Wednesday, January 25, 2017

When to speak up, when to shut up?

Like many of us, I have opinions related to the current state of affairs. Many other people have opinions too, and we don't always agree. What to do? Often, my first reaction is righteous indignation, but that never solved a thing, whether it's a political difference or how to set up the chairs for a meeting. When do I speak up, and when do I simply keep my mouth shut?

I allowed my buttons to get pushed earlier this week regarding a political topic. I say "allowed" because I chose to visit a social media site. I chose to follow a link that I suspected would be upsetting. I chose to read said link. I did exercise some restraint by not reacting immediately, but I did state my views a day later, in what I considered polite terms, and from my heart. But what were my motives?

Marieanne Williamson once wrote that she gets herself in trouble when she allows herself to go unconscious with her motives. Ah yes. I can justify all sorts of things if I'm not honest with myself at the deepest levels. What is it I am trying to accomplish? Am I making a decision, comment or action based on self? When do I need to seek counsel before taking that action?

A recovery acronym that I need to employ more often advises me to THINK before speaking - ask myself if what I am about to say is Thoughtful, Helpful, Intelligent, Necessary, and Kind - and not just one of the above, but all five! I plan to change the "Intelligent" to "Intent." What is my intent in sharing my view? Is it in an effort to change another person? Not the best motive, and not generally effective. Is it because I want be true to myself and remaining silent would imply approval? Better, but even then I can be reacting rather than responding. What I try to remember in my personal interactions is to ask myself, "Did they ask for my opinion?" and unless the answer is a resounding "Yes!" I'm better off keeping quiet. So, a) did they ask for my views? and b) does my answer meet THINK?  The seconds spent contemplating my side of the street could be just enough of a pause that I might not answer at all. A friend once shared that he has a lot of different feelings during the day, but he doesn't have to attach a sentence to every one. I can use that reminder for my opinions too.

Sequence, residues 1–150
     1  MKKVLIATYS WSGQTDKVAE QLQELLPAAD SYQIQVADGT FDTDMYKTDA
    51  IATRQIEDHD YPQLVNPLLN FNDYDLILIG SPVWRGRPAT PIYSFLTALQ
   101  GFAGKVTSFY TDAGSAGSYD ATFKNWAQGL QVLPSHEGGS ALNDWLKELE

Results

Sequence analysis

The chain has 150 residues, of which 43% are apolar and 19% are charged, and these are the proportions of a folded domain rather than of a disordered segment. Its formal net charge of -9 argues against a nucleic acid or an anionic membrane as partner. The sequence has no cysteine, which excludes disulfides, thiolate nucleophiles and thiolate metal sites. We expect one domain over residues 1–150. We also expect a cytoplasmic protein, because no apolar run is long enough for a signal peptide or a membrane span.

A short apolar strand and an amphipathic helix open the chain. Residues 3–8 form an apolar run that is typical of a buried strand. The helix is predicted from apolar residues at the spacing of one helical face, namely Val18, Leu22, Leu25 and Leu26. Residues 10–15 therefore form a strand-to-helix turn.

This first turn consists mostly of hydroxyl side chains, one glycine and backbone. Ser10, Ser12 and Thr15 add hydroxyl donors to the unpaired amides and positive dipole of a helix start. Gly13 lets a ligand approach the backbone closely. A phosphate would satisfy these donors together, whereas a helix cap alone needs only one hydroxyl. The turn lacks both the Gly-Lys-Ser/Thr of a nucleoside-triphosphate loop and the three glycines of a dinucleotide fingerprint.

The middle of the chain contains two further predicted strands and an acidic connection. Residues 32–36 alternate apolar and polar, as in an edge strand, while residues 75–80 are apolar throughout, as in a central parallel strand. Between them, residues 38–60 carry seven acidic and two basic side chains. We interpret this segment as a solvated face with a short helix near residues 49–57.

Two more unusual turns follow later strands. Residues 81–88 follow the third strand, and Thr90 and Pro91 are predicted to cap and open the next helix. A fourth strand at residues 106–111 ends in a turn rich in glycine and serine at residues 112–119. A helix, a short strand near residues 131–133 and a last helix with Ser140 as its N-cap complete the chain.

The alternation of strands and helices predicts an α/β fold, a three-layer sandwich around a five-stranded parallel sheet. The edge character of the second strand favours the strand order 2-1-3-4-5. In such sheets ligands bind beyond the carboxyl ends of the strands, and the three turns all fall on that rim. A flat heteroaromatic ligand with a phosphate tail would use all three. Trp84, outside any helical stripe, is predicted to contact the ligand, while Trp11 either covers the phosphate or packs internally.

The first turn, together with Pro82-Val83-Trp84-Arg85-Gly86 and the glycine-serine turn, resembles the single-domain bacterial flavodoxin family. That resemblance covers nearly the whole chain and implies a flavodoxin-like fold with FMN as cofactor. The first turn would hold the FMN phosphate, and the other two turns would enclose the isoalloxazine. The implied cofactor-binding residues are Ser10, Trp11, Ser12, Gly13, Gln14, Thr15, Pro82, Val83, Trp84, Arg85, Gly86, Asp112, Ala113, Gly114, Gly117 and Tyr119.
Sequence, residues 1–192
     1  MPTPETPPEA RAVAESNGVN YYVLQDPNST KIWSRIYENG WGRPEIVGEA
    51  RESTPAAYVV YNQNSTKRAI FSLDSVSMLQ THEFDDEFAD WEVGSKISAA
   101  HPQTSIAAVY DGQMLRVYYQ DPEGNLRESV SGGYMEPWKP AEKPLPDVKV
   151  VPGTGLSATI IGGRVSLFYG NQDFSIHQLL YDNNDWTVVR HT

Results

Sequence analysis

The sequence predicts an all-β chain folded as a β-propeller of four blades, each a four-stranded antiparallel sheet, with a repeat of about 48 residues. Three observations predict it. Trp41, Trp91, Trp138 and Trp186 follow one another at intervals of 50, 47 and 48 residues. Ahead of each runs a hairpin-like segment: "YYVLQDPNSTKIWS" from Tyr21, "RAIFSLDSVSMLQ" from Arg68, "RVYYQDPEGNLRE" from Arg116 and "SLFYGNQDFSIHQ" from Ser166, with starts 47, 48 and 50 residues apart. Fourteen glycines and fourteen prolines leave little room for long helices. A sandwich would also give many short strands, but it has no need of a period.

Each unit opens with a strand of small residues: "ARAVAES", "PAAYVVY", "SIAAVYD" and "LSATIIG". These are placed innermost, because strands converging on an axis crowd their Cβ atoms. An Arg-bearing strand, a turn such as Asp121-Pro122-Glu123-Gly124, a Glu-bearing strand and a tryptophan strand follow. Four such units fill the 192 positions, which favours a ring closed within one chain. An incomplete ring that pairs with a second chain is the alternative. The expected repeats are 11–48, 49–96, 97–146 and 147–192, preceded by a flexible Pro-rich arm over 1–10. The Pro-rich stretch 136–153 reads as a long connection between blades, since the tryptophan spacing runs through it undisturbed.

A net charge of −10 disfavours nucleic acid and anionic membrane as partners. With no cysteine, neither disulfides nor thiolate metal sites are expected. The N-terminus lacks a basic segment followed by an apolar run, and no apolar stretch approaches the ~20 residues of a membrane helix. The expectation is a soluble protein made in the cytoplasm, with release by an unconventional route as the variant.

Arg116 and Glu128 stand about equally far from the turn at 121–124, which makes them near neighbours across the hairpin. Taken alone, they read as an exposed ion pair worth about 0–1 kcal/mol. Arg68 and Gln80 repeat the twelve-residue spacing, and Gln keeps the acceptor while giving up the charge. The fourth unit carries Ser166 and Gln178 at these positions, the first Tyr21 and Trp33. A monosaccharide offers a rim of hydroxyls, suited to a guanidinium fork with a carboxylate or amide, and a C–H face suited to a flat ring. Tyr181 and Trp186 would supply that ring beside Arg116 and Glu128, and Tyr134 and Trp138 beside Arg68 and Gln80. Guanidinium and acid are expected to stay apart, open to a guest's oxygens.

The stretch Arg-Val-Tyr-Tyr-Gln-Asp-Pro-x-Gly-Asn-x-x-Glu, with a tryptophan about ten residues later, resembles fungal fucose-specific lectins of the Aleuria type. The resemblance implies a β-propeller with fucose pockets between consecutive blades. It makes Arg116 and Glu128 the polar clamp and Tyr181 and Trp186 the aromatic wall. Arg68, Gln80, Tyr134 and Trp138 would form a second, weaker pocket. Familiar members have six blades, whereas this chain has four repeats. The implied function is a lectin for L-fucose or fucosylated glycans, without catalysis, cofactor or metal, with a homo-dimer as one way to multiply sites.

There are a lot of opinions floating around in this world. As I got my teeth cleaned today, the hygienist shared her vehement views of whether or not the City of Portland should put salt on the roads when it snows. I had a countering view, but my "pause" came in the form of her two hands in my mouth. By the time I came up for air, I realized that I really didn't need to say anything. I'm not always graced with such an obvious block to sharing my views, but it probably wouldn't hurt to bring back that memory when I find myself just dying to speak.